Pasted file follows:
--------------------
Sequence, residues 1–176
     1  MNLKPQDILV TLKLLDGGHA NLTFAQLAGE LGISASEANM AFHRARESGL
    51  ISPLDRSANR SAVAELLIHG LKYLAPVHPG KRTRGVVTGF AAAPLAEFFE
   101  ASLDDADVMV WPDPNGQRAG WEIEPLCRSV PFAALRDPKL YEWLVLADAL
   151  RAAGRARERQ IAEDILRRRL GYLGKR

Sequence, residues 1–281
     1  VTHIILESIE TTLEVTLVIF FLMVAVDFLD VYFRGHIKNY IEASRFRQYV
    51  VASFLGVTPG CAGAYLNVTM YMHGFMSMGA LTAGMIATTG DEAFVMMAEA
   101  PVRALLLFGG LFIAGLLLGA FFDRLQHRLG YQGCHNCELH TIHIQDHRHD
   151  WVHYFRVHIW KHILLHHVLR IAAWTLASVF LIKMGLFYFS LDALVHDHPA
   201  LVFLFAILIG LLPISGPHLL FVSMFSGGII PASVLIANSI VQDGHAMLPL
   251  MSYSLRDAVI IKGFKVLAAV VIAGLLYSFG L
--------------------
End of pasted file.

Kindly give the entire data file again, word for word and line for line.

Sequence, residues 1–176
     1  MNLKPQDILV TLKLLDGGHA NLTFAQLAGE LGISASEANM AFHRARESGL
    51  ISPLDRSANR SAVAELLIHG LKYLAPVHPG KRTRGVVTGF AAAPLAEFFE
   101  ASLDDADVMV WPDPNGQRAG WEIEPLCRSV PFAALRDPKL YEWLVLADAL
   151  RAAGRARERQ IAEDILRRRL GYLGKR

Sequence, residues 1–281
     1  VTHIILESIE TTLEVTLVIF FLMVAVDFLD VYFRGHIKNY IEASRFRQYV
    51  VASFLGVTPG CAGAYLNVTM YMHGFMSMGA LTAGMIATTG DEAFVMMAEA
   101  PVRALLLFGG LFIAGLLLGA FFDRLQHRLG YQGCHNCELH TIHIQDHRHD
   151  WVHYFRVHIW KHILLHHVLR IAAWTLASVF LIKMGLFYFS LDALVHDHPA
   201  LVFLFAILIG LLPISGPHLL FVSMFSGGII PASVLIANSI VQDGHAMLPL
   251  MSYSLRDAVI IKGFKVLAAV VIAGLLYSFG L